Thursday, March 31, 2011

A Brief History of Close Combat and the Evolution of Self Defense

A Study of Close Combat, Hand To Hand, World War II, Self Defense, Mixed Martial Arts and Beyond

The root word COMBAT - "to fight in direct contact," "active fighting between enemies," "any fight or struggle".

There are no specific techniques to define Close Combat, Self Defense, and Hand to Hand maneuvers. Based on historical fact and my 30 years experience, training, and understanding of self defense, I'm presenting the following study.

"The Roots of Close Combat, Self Defense, and Mixed Martial Arts"

There are comprehensive surveys and presentations of armed and unarmed combat. You will find a vast array of skills that deploy a diverse mix of "techniques." One truth remains; where people exist, there is a need for defense against aggression. Every culture has its own form of close combat, both traditional and unconventional, yet all have striking similarities.

In Ancient Greece, Pankration was a combined system of "all powers" combat, the equivalent of what is globally known today as Mixed Martial Arts.

The Samurai original fighting systems, Koryu Bujutsu, included a comprehensive catalog of both armed and unarmed skills. The unarmed combatives of the Japanese Bushi (elite warriors) also didn't limit scope or method. This "all in" system of fighting advocated grappling, striking, joint-locking, kicking, biting and any other means necessary to gain tactical superiority over your adversary.

Before the use of London Prize Ring rules and the Marquis of Queensbury (predecessor of modern day boxing rules) "pugilists" (the premiere boxers) used and relied on a great number of different grappling, striking, kicking, and gouging methods.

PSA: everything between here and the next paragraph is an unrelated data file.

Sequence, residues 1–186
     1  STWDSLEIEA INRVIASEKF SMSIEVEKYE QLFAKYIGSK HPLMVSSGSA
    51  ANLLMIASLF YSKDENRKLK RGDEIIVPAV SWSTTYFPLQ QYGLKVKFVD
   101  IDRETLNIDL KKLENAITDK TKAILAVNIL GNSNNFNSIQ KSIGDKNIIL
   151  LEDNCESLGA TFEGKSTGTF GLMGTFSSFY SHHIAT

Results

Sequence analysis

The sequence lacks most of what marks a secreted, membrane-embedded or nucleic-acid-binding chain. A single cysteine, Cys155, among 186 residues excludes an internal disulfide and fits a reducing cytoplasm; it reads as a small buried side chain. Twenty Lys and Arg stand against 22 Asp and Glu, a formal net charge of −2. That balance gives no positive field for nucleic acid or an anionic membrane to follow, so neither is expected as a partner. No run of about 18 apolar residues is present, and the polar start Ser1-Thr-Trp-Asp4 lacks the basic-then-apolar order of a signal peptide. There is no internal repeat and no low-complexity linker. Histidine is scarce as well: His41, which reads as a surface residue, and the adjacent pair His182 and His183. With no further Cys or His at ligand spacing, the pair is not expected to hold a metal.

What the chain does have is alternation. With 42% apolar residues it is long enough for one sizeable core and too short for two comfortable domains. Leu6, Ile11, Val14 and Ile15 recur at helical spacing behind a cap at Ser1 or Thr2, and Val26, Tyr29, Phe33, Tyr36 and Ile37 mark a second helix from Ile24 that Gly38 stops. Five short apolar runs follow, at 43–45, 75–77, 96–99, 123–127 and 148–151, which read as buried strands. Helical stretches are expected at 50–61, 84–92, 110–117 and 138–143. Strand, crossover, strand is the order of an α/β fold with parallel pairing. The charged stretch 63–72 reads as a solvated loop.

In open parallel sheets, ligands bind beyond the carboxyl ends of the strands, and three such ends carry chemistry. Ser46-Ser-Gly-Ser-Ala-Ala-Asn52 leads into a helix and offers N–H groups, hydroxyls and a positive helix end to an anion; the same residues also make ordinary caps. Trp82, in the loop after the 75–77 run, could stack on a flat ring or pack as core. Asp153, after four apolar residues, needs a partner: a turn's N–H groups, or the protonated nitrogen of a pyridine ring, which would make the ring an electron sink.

The Chinese have always maintained fully robust systems of "all-in" methods of combat. Shaolin monks employed such techniques to protect the communities that surrounded them.

Even original Okinawan Te (pronounced "Ti") a system of karate, included percussion methods as well as "tegumi" (grappling) and "tuite" (joint lock) systems. "Punch his lungs out if that did the job best, or grapple into a spine lock and use a neck break if you had to."

In the 19th century the West saw many methods of "combined" self defense systems begin to develop (Read: Mixed Martial Arts). The French combined elements of Chausson/Savate (French Foot Fighting) with Boxe Anglaise (Boxing), Parisian Lutte (stick fighting) and even the "newly discovered" Japanese Jiu-Jitsu. The British did the same. The "Bartitsu" of Barton-Wright (famous self defense writer) is a classic example. In the United States a number of self defense methods became available to the public that combined methods from Boxing and Wrestling. Even before any organized mixed martial arts systems were presented, men who fought even for sport used virtually any device to insure victory. Just read Elliot J. Gorn.

The Twentieth century saw even more "mixed" martial art combat systems. Any and all manner of grappling, throttling, kicking, kneeing, butting, biting, punching, gouging, stomping, and whatever other methods of mayhem could be employed were all "FAIR" when "fair" meant the difference between life or death and it certainly didn't just end at "unarmed" fighting!

Only in the arena of sporting combat did this division of method, pitting one against another, become a somewhat popular past time. Matching wrestlers against boxers, either of the two against jiu-jitsu men or Savate Fighters against boxers was common place in any fairground or public spectacle.

The founder of Judo, Jigoro Kano's nephew got involved in promoting these types of matches between western boxers and native Japanese Judoka. They were called "JU-KENTO," as in Judo, Jujutsu and "Kento" (fist-fighting). During this period, judo players interested in these JU-KENTO bouts sought out specific instruction in just how to make Judo work against boxing. An entire book on this subject was published in Japan in the early 30's. Always remember that all of these bouts had strict rules and regulations of engagement. Few if any of these mandates would have had much bearing on what one could do in a real pier-six back alley brawl. As an example: Judoka (Judo practitioners) were almost always forbidden to use any methods of atemi waza (striking, punching, kicking, butting, and smashing). However, Judo experts of the time have advocated that atemi would be the most preferable method of attack and defense in a serious engagement.